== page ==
factor that impedes but does not necessarily prevent evolution in particular
directions, or it can indicate that speciﬁ c evolutionary trajectories are un-
available to selection (Roff and Fairbairn 2007). Therefore, determining the
role of genetic constraints in the evolutionary change of personality will re-
quire not only more detailed ecological studies, but also better knowledge
than we currently possess of the relevant genes and their importance in nat-
ural populations (Blows and Hoffmann 2005; Van Oers et al. 2005a). A more
comprehensive overview of the current knowledge of the genetic basis of
personality variation in captive and wild animals is provided in chapter 6.
Many vertebrate species are characterized by the ﬂ exibility with which they
cope with stressors, and birds provide good examples of this. When birds
are under conditions of low environmental predictability, they experience
stress (Wiepkema 1992). Behavioral and physiological efforts to master the
situation (coping strategies) can be important determinants of health and
disease both in humans and in animals (Koolhaas et al. 1999). Moreover, in-
dividuals often show different physiological responses in these situations,
also referred to as coping styles. Individuals appear to cope with stressors
in a predominantly sympathetic or parasympathetic way. Individual varia-
tion in agonistic behavior can be considered as an example of more general
variation in coping with environmental challenges, where highly aggressive
individuals adopt a proactive coping style and submissive individuals adopt
a more passive or reactive style (Koolhaas et al. 2007). Therefore, most
physiological research relevant to avian personality involves stress physi-
ology and coping (see chapter 12). In mammals, it has been suggested that
individual differences in stress responses reﬂ ect variation in personality or
coping styles (Korte et al. 2005). Passive copers are expected to have higher
hypothalamic-pituitary-adrenal (HPA) responses to stressors, a lower sym-
pathetic adrenomedullary reactivity, a higher humoral immunity, but also a
Kees van Oers and Marc Naguib | 75
higher vulnerability to stress-induced illnesses compared with active copers
(Ellis et al. 2006).
In birds, fast exploration, high risk-taking, and high responsiveness to a
novel object appear to be associated with high corticosterone levels during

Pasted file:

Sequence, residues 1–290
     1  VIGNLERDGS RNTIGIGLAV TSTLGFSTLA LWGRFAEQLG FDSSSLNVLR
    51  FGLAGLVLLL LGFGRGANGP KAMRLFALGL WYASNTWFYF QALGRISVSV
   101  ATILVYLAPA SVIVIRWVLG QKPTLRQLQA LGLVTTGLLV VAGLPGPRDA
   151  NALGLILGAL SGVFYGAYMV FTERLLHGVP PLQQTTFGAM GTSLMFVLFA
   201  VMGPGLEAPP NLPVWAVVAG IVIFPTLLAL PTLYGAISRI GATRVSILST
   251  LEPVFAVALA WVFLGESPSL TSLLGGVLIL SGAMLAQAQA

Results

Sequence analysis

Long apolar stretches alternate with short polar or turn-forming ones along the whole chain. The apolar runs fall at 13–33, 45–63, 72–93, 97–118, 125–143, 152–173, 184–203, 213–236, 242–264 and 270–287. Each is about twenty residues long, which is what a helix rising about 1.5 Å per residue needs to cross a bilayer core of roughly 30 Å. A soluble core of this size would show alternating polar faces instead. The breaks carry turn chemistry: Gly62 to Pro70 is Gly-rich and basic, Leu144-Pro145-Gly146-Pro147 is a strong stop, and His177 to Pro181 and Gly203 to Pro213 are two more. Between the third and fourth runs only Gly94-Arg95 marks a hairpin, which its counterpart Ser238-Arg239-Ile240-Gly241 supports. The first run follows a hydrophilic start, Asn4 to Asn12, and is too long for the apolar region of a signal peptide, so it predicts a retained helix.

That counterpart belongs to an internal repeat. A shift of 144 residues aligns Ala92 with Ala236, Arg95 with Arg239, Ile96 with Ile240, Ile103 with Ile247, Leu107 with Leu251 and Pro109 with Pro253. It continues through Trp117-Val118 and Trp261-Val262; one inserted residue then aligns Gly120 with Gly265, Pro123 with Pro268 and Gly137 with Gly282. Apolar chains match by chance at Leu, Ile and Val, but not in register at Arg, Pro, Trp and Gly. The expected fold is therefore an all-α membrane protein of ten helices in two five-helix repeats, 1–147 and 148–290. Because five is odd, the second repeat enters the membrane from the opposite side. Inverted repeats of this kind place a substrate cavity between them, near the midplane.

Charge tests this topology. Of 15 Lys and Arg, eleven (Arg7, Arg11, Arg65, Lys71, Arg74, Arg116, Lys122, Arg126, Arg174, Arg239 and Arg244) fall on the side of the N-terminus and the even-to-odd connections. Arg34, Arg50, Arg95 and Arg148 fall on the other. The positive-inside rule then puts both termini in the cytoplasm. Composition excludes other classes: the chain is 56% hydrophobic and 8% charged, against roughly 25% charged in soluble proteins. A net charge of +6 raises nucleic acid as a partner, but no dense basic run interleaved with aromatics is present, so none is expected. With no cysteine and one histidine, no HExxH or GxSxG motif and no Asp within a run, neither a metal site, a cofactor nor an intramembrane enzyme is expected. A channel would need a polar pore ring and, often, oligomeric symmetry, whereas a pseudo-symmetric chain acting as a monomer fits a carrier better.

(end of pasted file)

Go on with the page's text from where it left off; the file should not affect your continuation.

the test (Martins et al. 2007; Richard et al. 2008). Birds also show individual
consistency in the secretion of stress hormones. Kralj-Fisher and cowork-
ers (2007) have shown in greylag geese that corticosterone levels measured
in fecal samples collected after repeated handling episodes were consistent
within individuals. This repeatability was especially pronounced when indi-
viduals were feeding in low competition areas; in high competition areas in-
dividuals were less consistent. Whether these individual differences in stress
responses reﬂ ect genetic personality differences remains unclear. Yet, some
support for this possibility has been found in other avian species where se-
lection experiments have shown that the stress response has an additive ge-
netic background (Brown and Nestor 1973; Edens and Siegel 1975; Satterlee
and Johnson 1988). Moreover, great tit genetic lines selected for different
personalities (Drent et al. 2003) differed in the level of stress hormone secre-
tion after being in a social contest with a conspeciﬁ c (Carere et al. 2003).
Birds of the less aggressive and more cautious line (slow explorers) showed a
trend for a higher response compared with birds of the more aggressive and
bolder line (fast explorers), which could be taken to suggest a physiological
basis of different coping strategies in birds (Carere et al. 2003). Alternatively,
personality types might differ in the perception of the stressor, causing in-
direct differences in stress response to a standard stressor (Sapolsky 1994).
Most likely both mechanisms play a role. However, the extent to which one
or the other is more important in shaping variation in personality needs to
be studied in more detail. Studies in great tits have shown that exploratory
behavior is related to stress responses in both juvenile (Fucikova et al. 2009)
and adult birds (Carere and Van Oers 2004). Adult birds that explore a novel
environment more quickly (fast explorers) show a lower stress response af-
ter being handled, but nestlings that become fast explorers in adulthood
show an increased response after being socially isolated as nestlings. This
indicates that differences in personality traits measured just after indepen-
dence might act as a predictor of individual variation in the stress response
in adulthood, and as a result of variation in responsiveness as juveniles. A
more direct way of measuring the link between variation in personality and
stress is through stress hormones. In birds, corticosterone is the major glu-
cocorticosteroid hormone secreted in response to stress, and many studies
have shown that individual birds differ in their hormonal response to stress.
This response varies not only with intrinsic factors such as sex and age, but
76 | Avian Personality
also in relation to behavioral types, and it is modiﬁ ed by factors such as body
condition (Schwabl 1995; Silverin 1998; Cockrem and Silverin 2002; Cock-